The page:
This story originally ran on ESPNW
By Mirin Fader
Madison Holleran. All Lanesha Reagan could think about was Madison Holleran, the University of Pennsylvania track athlete.
Reagan, Oregon State volleyball’s 5-foot-10 starting outside hitter, known for her power and pogo-stick bounce, lay in her bed in her freshman dorm and combed through Holleran’s story. Madison seemed to be gifted, kind, competitive. A budding track star, a daughter, a friend. Even a banana-and-peanut-butter aficionado. Few knew she struggled with depression and the pressures of social media.
On Jan. 17, 2014, Holleran leaped off the ninth level of a parking garage in Philadelphia. She died at 19.
Reagan shivered. Images of her own life swirled around her head: years of masking her pain, years of blocking out her shame, years of wishing she inhabited a body other than her own.
“I am so sick of feeling alone and helpless. Mental illness is not something you should be ashamed of but breaking down that stigma starts with us, the student-athletes. We can change the culture and make it easier for our friends and teammates to get the help that they need.”
“That honestly could have been me,” Reagan said. “If things would have been different … I have no doubt in my mind that that could have been me.”
Reagan, who will be a senior next season, remembered this moment as she typed until she couldn’t type anymore in early January. Few knew she was about to post: “Being a Student-Athlete and Living with Mental Illness.” Not her grandparents, Dorothy and Patrick Reagan, who raised her; not her best friend, Ellen Anderson, the peanut butter to her jelly since age 4.
Reagan didn’t want to sound ungrateful for her Division I athletic scholarship. She didn’t want to alter anyone’s image of her: outgoing, smart, warm, bold. Passionate about her English major and writing minor, books and Beyoncé. A shoulder to cry on and the life of the party. “You know when Lanesha walks into a room,” said McKenna Hollingsworth, a junior setter/outside hitter. Reagan’s radiance caused her preschool teachers to call her “Miss Sunshine.”
But Reagan had to speak her truth. Not for herself, but for others.
“I am so sick of feeling alone and helpless,” Reagan wrote in her post. “Mental illness is not something you should be ashamed of but breaking down that stigma starts with us, the student-athletes. We can change the culture and make it easier for our friends and teammates to get the help that they need.”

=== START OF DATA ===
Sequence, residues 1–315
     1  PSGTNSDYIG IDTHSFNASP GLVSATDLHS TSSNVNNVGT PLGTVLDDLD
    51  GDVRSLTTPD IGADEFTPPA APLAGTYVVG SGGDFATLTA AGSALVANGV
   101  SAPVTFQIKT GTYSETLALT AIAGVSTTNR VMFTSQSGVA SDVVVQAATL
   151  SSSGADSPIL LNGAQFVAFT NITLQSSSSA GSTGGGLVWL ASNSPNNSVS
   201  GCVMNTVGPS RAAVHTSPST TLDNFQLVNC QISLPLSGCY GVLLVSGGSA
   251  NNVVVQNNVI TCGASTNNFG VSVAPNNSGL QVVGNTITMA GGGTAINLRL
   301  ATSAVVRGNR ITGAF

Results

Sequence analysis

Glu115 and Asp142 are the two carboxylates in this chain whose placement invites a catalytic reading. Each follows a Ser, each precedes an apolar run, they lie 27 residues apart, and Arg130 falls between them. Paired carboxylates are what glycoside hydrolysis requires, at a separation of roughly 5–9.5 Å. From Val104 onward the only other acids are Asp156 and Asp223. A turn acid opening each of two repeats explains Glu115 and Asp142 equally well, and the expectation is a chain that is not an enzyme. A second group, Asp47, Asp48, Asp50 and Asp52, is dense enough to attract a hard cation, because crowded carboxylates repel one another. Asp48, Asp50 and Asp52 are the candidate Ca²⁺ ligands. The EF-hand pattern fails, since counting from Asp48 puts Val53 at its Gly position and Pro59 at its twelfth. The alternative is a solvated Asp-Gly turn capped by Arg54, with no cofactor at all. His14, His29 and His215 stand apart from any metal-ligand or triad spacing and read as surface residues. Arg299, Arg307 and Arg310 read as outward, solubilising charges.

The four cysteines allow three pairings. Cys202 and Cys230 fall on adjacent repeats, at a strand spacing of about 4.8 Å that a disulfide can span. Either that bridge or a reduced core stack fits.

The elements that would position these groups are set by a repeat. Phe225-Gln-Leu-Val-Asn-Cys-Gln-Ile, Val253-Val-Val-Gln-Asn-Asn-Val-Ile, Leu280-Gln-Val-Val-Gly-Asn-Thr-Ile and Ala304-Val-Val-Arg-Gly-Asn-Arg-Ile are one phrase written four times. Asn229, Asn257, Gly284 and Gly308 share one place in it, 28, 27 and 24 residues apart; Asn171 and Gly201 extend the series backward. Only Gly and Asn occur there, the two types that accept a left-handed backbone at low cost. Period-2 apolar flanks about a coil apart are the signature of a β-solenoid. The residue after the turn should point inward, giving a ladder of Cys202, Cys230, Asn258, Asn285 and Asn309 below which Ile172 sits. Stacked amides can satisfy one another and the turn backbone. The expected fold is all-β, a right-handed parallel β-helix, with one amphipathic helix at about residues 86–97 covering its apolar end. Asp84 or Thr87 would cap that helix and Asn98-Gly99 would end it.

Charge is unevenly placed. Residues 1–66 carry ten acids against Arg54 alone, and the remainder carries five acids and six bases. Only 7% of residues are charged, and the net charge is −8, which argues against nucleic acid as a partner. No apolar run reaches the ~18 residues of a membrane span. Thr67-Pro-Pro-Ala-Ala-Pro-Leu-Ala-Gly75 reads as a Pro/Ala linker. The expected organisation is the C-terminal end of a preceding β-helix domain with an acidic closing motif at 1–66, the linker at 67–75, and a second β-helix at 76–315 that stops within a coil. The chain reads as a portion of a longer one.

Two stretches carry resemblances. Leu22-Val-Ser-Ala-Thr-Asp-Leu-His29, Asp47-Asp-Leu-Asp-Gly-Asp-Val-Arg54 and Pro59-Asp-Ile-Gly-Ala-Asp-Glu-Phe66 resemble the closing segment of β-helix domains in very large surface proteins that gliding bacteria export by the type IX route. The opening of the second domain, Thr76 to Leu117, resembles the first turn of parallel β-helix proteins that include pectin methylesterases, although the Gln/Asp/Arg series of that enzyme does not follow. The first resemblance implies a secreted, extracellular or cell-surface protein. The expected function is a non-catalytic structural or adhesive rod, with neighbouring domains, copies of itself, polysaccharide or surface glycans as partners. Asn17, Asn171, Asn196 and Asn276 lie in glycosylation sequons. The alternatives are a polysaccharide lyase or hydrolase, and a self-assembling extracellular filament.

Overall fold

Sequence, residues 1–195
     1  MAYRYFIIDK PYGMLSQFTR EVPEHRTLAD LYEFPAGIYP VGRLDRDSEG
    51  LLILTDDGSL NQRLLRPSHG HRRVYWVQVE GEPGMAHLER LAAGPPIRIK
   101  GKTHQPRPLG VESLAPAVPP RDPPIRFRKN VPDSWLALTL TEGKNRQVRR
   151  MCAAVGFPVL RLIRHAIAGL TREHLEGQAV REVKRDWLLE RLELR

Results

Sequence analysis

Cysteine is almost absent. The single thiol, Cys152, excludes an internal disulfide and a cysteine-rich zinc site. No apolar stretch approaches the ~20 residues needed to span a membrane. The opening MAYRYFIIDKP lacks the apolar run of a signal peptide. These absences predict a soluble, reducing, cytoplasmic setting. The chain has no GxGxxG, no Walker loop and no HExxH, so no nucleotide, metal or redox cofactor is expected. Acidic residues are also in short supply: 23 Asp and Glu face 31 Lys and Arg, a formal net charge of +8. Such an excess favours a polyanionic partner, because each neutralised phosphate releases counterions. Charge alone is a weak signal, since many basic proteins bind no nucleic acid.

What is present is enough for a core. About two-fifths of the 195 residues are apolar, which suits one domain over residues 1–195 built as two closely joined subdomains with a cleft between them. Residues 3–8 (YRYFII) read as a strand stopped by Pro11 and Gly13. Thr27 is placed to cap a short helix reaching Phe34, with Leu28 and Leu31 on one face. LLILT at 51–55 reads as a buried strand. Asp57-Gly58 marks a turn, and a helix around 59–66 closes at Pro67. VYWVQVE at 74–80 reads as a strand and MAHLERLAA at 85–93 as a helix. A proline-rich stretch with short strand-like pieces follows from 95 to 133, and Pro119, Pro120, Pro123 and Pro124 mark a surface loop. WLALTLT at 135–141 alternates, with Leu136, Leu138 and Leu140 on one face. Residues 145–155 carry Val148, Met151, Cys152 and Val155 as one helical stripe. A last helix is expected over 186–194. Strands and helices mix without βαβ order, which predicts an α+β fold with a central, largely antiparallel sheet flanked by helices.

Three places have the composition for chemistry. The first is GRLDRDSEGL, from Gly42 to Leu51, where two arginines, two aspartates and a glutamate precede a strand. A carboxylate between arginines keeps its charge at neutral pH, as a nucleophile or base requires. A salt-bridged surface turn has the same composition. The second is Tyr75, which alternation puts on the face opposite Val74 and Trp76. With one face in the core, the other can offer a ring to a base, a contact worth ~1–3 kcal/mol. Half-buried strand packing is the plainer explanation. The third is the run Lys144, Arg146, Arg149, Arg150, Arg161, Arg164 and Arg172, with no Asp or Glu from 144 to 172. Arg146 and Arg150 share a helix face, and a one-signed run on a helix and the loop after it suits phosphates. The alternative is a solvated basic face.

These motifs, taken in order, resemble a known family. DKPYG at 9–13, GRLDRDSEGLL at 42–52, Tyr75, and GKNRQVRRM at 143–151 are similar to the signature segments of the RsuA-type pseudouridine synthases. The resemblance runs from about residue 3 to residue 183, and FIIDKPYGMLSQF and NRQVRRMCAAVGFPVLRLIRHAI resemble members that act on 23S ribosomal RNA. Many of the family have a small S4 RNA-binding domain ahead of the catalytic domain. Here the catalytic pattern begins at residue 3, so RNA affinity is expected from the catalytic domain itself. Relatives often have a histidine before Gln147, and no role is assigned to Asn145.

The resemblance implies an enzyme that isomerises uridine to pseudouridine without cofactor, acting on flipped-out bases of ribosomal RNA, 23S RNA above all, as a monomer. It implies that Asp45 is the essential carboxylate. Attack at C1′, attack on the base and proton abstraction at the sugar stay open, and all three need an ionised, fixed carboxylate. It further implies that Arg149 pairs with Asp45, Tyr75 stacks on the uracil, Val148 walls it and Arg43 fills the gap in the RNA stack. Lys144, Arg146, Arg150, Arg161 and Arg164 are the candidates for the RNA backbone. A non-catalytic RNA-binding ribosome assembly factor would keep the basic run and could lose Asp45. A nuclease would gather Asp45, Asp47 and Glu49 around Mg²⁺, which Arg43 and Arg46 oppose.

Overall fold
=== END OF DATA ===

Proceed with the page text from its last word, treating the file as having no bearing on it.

‘I want to be alive’
At age 13, Reagan dreamed of becoming a Division I volleyball player. But she also thrived in martial arts, ballet, horseback riding, dancing, ice skating, singing. “Lanesha was very driven on her own,” Dorothy said. “She was blessed physically to be an extraordinary athlete no matter what sport she chose.”
She devoured books in one sitting and wrote short stories in her journals, later serving as editor of Snohomish (Washington) High School’s student newspaper, The Arrowhead. She was crowned homecoming princess. She threw elaborate parties, including one on Halloween with more than 100 classmates. Reagan and her friends dressed up as different hot sauces from Taco Bell, like “verde,” “hot” and “spicy.” Reagan was “fire.”
Reagan’s 36-inch vertical jump — higher than the average NBA player — wowed spectators. She had a knack for hanging a little bit longer, as if the pocket of air opened just for her. Opponents would duck and dodge her hits. She was named an American Volleyball Coaches Association/MaxPreps Under Armour All-American and verbally committed to Oregon State as a sophomore.
“I didn’t have to push her to work harder because she was outrunning everybody in the gym all the time,” Snohomish coach Alex Tarin said. She had to, having received her first Division I letter in eighth grade, with tons more hunting after her freshman year. The pressure pierced her.
“She was really the star of the school. Everybody knew her name, was saying her name,” Anderson said. “It always kind of got in her way of her love for volleyball because she was always having to be this perfect image that everyone wanted her to be.”
Reagan held a different image of herself. She remembers suffering from depression by the end of seventh grade. She felt alone and didn’t think anyone would understand. It didn’t help that her classmates in Snohomish, which is an overwhelmingly white city, taunted her mixed identity (Reagan is half African-American and half white): “You’re not really black. You don’t act black.”
Developing muscles to complement her athletic frame, Reagan longed to shrink into her friends’ petite bodies and jump out of her own. She never felt comfortable in the tight jerseys, the spandex. She’d stare at herself in the mirror, disgusted, pinching her skin. She developed an eating disorder, a mix of anorexia and bulimia — the latter became the bigger struggle. She ingested just enough Honey Nut Cheerios and Gatorade to survive practice. Yet she craved those two hours because she could jump and hit and block and not think about anything else.
By eighth grade, she began cutting on her upper hips with razor blades she removed from her shavers. Once she cut all over her stomach and didn’t realize it until she was done; it happened so quickly. “I was just numb to feeling,” Reagan said. “I wanted to feel something and that was the only way I could.” She willed herself to become a mountain: tall, strong, solid, and no matter the snow, hail or rain that enveloped her, she would shine. “I just knew that I had to always be happy,” Reagan said.
Read the rest of the story on ESPN.com.